Lessig’s reaction is plainly correct. People have a right to say mean things about other people in private.
I think there are a lot of reasons for this, but here I want to float one that’s fairly subtle: capitalism.
As the theory goes, if we set up and enforce an elaborate apparatus of discourse rules about what counts as “private” and what counts as “public”, we can maintain a productive marketplace of ideas that facilitates intellectual progress while still honoring the usual inalienable rights of the individual (free speech, privacy, and so on). For this reason, defending Tanden’s sovereign control over her private correspondence is necessarily more important than whatever it is she happened to say.
The critique of this reasoning cuts to the heart of capitalist ideology: even what we call “private property” (intellectual or otherwise) is absolutely “public” insofar as it effects the rest of society.
If Tanden can act this way in the face of verifiable evidence that’s plain as day, and there for everyone to see, when the stakes are so low, is it completely implausible that she would act in a roughly similar fashion when the evidence is not so publicly available and not so easily accessible and when the stakes are much higher?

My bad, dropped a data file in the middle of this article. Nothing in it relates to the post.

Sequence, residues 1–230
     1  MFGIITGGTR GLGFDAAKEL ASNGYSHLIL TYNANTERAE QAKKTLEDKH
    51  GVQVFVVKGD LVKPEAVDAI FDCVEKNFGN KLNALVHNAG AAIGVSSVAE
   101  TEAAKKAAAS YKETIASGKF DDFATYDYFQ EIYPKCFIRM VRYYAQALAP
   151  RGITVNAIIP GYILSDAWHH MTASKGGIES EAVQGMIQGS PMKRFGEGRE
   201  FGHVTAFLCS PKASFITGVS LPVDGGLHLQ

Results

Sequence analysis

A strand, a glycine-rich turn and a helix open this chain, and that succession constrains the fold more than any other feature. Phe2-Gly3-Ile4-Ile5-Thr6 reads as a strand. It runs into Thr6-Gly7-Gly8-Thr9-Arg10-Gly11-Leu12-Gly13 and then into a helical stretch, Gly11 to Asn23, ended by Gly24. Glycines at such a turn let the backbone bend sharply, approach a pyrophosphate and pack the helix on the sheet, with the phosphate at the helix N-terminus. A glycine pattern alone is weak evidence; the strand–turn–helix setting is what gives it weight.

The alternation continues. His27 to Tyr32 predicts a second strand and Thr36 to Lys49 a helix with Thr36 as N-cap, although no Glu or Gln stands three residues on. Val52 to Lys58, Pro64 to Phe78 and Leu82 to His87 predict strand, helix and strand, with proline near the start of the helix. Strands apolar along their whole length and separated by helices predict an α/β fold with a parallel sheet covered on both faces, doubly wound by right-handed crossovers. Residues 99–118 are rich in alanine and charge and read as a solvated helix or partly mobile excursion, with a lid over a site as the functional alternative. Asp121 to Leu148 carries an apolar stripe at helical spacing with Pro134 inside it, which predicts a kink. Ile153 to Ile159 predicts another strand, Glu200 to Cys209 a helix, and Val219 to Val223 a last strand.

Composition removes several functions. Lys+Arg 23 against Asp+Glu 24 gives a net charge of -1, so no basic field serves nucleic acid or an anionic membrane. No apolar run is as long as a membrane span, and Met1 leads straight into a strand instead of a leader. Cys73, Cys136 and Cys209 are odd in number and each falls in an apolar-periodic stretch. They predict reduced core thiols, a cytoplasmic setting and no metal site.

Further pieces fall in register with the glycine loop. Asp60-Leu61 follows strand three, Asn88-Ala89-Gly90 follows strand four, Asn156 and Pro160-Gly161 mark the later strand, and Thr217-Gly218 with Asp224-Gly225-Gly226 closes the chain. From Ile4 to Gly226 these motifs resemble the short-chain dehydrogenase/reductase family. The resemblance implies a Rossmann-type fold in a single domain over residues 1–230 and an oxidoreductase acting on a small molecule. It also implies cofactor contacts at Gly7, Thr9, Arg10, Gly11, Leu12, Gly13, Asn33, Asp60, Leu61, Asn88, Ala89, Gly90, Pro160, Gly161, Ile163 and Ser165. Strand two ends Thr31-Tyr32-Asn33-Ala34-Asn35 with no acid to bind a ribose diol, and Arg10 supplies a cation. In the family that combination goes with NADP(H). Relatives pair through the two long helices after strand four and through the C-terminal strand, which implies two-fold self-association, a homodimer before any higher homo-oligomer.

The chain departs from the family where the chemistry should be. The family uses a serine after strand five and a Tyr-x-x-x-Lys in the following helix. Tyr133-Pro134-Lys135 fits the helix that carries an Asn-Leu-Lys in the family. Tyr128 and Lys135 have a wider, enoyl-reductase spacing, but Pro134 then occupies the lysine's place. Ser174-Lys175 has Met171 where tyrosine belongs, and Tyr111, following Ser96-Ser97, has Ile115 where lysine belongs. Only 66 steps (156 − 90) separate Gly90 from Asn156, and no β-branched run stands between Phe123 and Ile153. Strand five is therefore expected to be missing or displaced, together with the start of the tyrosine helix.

Tanden is a powerful public figure, and the way that she wields that power behind the scenes can have obvious and extraordinary consequences that effect all of us. As I noted Sunday, for example, it is not entirely clear to me that her bellicose rhetoric about Russia is entirely disconnected from her reflexive loyalty to Clinton and her personal inclination towards disproportionate retaliation. And particularly since earlier leaked emails reveal Tanden explicitly entertaining the possibility of military actions that would be even more irresponsible, I see no reason to conclude so casually that Tanden’s private intellectual property rights always trump the public interest.
None of this is a call for an abolition of privacy, particularly when it functions as a defense of the powerless instead of the powerful. Here, my point is simply that the absolute right to privacy at the core of the defense of Tanden expresses bourgeois capitalist ideology in a way that disregards entirely legitimate public concerns. Her comments about Lessig, once again, reveal serious character problems that anyone who cares about policymaking leadership in the United States should find extremely disquieting. Whether that warrants leaking her emails is another question, but the refusal of liberals to seriously grapple with that question says a lot about their ideological commitments.